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Introduction

Haven’t reached out to an academic advisor yet? – Here’s why you should!

Haven’t reached out to an academic advisor yet? – Here’s why you should!

Hart House

There are so many resources available to us at U of T, and with the larger commitment school has required in the online setting, navigating all these resources can be intimidating. However, there is hope! A very quick and easy way to start your navigation this semester (and this calendar year) is to book an appointment with your Registrar Office/academic advisor, and here is why you should. 

  1. Discuss Program/Courses 

Beyond the need for CR/NCR concerns or course substitutions, I think we tend forget about the other ways Registrar Offices and academic advising can help us. Having a discussion with an academic advisor helped me consolidate and discuss what I want out of my courses and what courses I could take to benefit my interests! Also, they can talk you through the process of exchange programs. Going into a meeting with a few (even generic) questions about your program and what interests you will be a major help. 

  1. Figure out Post-undergrad Life 

Academic advisors are an amazing resource for all events on campus, connecting us with information on graduate school, or exploring other work opportunities. (Note: these events are often at the beginning of the academic year so if this interests you, connect with your Registrar’s Office or mark the calendar to book an appointment at the beginning of the next school year!) 

  1. Virtually Meeting (making connections in quarantine) 

Scouring through sites like ACORN is great way to organize your courses (i.e. on Degree Explorer) but I believe having met someone (virtually) is an even greater way to understand how your degree can work for you. Connecting with someone and talking through (instead of virtually searching for) solutions that work best for your situation is a really great experience. I don’t know about you, but discussing with someone (whether on Microsoft Teams or on the phone) can also feel like more of a connection than an FAQ list or an email (but of course, whichever method you choose is based on what fits best you and your needs)!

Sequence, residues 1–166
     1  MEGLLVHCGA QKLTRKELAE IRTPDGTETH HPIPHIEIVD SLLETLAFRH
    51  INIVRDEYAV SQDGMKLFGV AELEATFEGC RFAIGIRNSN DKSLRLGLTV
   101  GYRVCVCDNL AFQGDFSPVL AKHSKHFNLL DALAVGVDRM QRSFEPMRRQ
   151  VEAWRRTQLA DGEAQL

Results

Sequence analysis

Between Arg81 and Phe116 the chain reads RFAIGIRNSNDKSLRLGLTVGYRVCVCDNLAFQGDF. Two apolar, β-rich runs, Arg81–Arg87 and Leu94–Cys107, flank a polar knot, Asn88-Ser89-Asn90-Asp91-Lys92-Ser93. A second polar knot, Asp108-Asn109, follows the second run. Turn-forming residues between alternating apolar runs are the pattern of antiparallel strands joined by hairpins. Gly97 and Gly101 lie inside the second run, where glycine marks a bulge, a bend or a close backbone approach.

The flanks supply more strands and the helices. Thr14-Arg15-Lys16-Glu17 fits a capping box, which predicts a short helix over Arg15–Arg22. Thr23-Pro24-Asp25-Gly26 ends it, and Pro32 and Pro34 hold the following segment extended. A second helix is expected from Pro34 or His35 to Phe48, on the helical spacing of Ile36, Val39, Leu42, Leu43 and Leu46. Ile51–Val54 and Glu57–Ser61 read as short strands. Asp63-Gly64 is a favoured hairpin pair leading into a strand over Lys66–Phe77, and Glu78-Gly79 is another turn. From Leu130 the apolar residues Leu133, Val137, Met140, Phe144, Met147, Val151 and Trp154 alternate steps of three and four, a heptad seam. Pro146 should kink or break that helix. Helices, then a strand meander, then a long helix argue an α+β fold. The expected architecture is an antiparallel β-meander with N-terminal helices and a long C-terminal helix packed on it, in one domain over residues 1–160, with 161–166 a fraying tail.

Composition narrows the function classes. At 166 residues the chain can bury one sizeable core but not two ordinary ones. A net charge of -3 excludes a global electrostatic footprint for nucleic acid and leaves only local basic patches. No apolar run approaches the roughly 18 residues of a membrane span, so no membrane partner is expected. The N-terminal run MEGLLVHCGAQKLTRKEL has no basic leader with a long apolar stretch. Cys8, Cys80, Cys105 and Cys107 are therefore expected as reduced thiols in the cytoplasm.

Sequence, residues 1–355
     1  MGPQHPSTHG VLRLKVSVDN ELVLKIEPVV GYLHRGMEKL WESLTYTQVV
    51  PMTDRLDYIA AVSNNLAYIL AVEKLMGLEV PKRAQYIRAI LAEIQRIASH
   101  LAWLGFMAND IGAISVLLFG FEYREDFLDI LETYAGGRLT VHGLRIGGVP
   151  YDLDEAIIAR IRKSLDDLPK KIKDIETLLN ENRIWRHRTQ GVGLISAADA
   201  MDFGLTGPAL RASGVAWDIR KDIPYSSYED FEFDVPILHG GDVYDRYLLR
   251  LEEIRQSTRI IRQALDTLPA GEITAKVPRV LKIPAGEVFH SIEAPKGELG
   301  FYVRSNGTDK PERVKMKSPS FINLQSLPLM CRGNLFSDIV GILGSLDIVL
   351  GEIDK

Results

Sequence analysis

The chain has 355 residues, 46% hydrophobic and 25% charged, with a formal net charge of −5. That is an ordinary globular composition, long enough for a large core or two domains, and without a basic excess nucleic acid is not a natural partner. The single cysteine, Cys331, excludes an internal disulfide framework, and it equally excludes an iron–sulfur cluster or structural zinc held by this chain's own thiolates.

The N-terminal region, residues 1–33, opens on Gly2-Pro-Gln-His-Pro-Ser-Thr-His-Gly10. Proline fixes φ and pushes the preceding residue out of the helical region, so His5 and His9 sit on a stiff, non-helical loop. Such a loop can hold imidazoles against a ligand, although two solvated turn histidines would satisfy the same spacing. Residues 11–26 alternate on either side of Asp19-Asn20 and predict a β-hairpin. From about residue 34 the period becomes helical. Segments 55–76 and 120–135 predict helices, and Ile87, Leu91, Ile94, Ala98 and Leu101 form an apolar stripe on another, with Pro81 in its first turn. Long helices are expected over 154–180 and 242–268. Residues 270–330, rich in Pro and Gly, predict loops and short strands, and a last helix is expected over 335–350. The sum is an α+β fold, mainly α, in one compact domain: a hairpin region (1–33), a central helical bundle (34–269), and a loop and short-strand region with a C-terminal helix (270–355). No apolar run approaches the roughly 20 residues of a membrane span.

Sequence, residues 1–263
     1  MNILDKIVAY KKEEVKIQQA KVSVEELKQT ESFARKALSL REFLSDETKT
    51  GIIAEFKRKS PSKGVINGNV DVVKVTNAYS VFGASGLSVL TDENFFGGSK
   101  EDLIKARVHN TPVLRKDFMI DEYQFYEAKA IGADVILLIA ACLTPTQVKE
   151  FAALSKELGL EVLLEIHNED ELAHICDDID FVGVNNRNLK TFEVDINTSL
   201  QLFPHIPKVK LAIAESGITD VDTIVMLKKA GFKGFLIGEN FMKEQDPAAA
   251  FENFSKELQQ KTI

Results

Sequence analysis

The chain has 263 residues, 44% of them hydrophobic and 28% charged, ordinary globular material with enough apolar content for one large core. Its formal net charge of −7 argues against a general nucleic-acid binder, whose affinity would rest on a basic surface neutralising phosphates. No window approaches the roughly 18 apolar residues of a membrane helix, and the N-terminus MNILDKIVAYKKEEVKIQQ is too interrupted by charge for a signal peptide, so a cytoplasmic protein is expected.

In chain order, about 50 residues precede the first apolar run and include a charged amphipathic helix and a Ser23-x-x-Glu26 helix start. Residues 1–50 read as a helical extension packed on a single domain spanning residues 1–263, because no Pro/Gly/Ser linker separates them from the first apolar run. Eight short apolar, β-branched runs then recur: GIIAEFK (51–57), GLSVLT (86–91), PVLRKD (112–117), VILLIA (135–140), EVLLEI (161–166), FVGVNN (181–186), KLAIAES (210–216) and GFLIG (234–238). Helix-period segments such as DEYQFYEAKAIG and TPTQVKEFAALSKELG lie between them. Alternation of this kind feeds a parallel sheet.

1. Guide You to Other Resources or Supports

That’s it right there – they can guide you to other supports or resources on campus, that you can explore, depending on your interest! Ask about upcoming events/programs offered within your college, learning skills or strategy supports, and more! 

Bonus: Complimentary to other advisory work on campus

Personally, I was so caught-up in my first year connecting with my Accessibility Advisor that I forgot to seek the support of academic advising within the Registrar’s Office. Bonus for students registered with Accessibility Services: here is some extra support from someone that (if you don’t want to) you don’t have to disclose details about why you registered with Accessibility Services!

How to: 

Here are the links and contact info for each of the undergrad colleges: 

Innis College: 

registrar.innis@utoronto.ca 

416-978-2513 

New College: 

New College Registrar’s Office

416-978-2460 

St. Michael’s College: 

ask.smc@utoronto.ca 

416-926-7117 ext: 67117 

416-926-7266 

Trinity College: 

Trinity College Registrar’s Office

registrar@trinity.utoronto.ca 

416-978-2687 

University College: 

University College Registrar’s Office

uc.registrar@utoronto.ca 

416-978-3170 

Victoria College: 

Victoria College Registrar’s Office

vic.registrar@utoronto.ca 

416-585-4508 

Here are the links and contact info for navigating all registrars (including professional programs): 

All Registrars

Here are the links and contact info for each of the School of Graduate Studies: 

General Inquiries for Current Students: graduate.information@utoronto.ca 

Financial Aid and Advising inquiries: sgs.financial.assistance@utoronto.ca 

416-978-6614 

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